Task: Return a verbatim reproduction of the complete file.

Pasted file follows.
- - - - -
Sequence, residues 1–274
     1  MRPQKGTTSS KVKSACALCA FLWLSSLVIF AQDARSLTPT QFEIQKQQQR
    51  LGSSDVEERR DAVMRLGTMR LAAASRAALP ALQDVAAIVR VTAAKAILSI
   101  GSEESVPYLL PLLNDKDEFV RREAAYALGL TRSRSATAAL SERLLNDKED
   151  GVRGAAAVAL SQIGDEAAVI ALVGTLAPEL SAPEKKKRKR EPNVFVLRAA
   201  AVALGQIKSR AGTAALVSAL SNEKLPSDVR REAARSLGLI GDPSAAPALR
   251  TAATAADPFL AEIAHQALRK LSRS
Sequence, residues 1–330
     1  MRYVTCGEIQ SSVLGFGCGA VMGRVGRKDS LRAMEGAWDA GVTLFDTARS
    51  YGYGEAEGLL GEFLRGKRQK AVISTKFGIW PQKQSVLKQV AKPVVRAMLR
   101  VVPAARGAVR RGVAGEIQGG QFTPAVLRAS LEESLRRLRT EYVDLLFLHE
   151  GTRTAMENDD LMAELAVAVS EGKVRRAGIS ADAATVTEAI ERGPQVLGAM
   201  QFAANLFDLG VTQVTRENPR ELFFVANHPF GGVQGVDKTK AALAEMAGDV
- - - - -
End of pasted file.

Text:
Sequence, residues 1–274
     1  MRPQKGTTSS KVKSACALCA FLWLSSLVIF AQDARSLTPT QFEIQKQQQR
    51  LGSSDVEERR DAVMRLGTMR LAAASRAALP ALQDVAAIVR VTAAKAILSI
   101  GSEESVPYLL PLLNDKDEFV RREAAYALGL TRSRSATAAL SERLLNDKED
   151  GVRGAAAVAL SQIGDEAAVI ALVGTLAPEL SAPEKKKRKR EPNVFVLRAA
   201  AVALGQIKSR AGTAALVSAL SNEKLPSDVR REAARSLGLI GDPSAAPALR
   251  TAATAADPFL AEIAHQALRK LSRS
Sequence, residues 1–330
     1  MRYVTCGEIQ SSVLGFGCGA VMGRVGRKDS LRAMEGAWDA GVTLFDTARS
    51  YGYGEAEGLL GEFLRGKRQK AVISTKFGIW PQKQSVLKQV AKPVVRAMLR
   101  VVPAARGAVR RGVAGEIQGG QFTPAVLRAS LEESLRRLRT EYVDLLFLHE
   151  GTRTAMENDD LMAELAVAVS EGKVRRAGIS ADAATVTEAI ERGPQVLGAM
   201  QFAANLFDLG VTQVTRENPR ELFFVANHPF GGVQGVDKTK AALAEMAGDV